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Out-of-date law prevents employers from providing nonexempt employees popular flexible benefits
WASHINGTON, D.C. – July 14, 2011 – The 73-year-old Fair Labor Standards Act needs to be modernized to allow employers greater flexibility to meet the demands of the current workforce, the Society for Human Resource Management (SHRM) told the U.S. House Education and the Workforce Subcommittee on Workforce Protections today.
The Fair Labor Standards Act (FLSA) "reflects the realities of the industrial workplace of the1930s and not the workplace of the 21st century," said Nobumichi Hara, a human resource executive and SHRM member. "Minimum-wage policies and overtime exemption requirements, which may have been appropriate in the 1930s, are out of step with the current knowledge- and technology-based economy, creating unnecessary regulatory burdens for employers and restricting employers’ ability to be flexible and address contemporary employee needs."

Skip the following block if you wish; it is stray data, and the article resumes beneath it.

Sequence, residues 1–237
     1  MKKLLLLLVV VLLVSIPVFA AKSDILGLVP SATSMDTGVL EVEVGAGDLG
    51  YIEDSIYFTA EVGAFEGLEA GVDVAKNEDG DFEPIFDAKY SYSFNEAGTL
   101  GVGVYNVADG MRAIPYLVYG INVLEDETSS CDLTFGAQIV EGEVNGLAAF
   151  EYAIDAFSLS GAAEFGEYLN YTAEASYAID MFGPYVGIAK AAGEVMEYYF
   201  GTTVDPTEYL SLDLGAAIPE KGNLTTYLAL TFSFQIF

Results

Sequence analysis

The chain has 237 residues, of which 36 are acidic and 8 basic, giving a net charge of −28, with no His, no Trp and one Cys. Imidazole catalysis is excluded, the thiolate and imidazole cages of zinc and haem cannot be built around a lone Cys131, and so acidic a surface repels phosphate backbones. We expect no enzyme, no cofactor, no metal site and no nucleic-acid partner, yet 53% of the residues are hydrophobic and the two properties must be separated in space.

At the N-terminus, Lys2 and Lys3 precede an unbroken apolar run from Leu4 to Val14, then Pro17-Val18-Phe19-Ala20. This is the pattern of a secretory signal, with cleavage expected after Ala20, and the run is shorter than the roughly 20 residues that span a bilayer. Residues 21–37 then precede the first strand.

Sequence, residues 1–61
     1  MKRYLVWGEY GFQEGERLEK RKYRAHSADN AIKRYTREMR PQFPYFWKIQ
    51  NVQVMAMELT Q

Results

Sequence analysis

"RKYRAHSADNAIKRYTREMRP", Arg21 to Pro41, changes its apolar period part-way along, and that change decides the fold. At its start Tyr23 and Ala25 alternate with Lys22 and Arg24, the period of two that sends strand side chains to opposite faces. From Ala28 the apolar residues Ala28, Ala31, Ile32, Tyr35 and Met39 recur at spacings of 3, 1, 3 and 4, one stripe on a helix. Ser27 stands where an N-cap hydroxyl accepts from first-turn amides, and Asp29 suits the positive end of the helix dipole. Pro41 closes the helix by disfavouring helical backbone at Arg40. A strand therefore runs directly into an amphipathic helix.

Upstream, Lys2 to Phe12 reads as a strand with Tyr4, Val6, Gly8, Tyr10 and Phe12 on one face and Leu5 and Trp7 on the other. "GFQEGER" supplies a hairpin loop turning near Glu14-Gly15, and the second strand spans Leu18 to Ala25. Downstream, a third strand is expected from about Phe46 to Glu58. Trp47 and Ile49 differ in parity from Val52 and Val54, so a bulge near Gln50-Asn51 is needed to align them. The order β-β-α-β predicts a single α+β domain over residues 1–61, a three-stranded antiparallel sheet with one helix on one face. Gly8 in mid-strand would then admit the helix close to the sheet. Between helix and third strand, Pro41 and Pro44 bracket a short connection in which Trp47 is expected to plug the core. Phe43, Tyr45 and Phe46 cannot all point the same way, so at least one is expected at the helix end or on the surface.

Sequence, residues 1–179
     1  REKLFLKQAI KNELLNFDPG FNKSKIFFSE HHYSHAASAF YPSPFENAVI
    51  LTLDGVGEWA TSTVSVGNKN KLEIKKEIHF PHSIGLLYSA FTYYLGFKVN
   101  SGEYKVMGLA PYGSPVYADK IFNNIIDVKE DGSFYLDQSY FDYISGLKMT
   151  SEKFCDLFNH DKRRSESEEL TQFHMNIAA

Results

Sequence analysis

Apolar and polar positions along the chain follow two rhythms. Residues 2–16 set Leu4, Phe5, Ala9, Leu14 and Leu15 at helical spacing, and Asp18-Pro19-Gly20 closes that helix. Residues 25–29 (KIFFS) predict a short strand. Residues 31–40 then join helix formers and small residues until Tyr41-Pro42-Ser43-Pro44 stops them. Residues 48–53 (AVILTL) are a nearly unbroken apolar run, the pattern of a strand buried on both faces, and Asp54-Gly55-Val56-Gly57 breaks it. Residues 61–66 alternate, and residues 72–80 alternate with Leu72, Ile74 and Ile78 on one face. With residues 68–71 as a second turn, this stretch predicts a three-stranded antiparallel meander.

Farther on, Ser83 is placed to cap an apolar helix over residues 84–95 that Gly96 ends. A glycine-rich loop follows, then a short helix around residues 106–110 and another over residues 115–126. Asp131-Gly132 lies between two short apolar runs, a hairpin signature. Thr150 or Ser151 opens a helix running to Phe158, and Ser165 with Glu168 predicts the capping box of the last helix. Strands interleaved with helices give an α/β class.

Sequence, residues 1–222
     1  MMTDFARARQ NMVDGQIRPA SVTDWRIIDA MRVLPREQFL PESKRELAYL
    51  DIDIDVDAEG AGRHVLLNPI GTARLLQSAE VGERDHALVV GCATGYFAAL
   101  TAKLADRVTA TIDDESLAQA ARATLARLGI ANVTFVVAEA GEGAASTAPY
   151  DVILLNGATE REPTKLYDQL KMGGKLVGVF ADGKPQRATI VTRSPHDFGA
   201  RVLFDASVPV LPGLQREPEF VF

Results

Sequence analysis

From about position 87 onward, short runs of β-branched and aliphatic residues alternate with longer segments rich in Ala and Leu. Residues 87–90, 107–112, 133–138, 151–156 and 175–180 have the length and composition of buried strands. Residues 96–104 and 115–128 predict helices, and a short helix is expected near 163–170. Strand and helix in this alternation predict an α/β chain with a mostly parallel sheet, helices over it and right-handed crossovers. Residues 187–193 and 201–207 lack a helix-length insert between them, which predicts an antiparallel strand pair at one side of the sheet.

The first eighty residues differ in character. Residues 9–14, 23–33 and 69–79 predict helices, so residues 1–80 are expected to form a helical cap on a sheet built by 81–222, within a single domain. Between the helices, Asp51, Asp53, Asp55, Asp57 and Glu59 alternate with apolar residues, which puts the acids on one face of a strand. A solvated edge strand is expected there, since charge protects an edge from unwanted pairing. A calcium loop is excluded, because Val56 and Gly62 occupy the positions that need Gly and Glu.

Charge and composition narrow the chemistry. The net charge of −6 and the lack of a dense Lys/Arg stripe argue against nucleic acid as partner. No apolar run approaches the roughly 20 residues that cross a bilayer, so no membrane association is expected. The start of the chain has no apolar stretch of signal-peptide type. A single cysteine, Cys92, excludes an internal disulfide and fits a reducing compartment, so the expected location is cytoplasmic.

Speaking on behalf of SHRM, the world’s largest HR association, Hara told members of the subcommittee that the FLSA does not permit employers to provide the workplace flexibility benefits — flextime, telecommuting and compressed workweeks, for example — that millions of nonexempt employees (or hourly workers) want.
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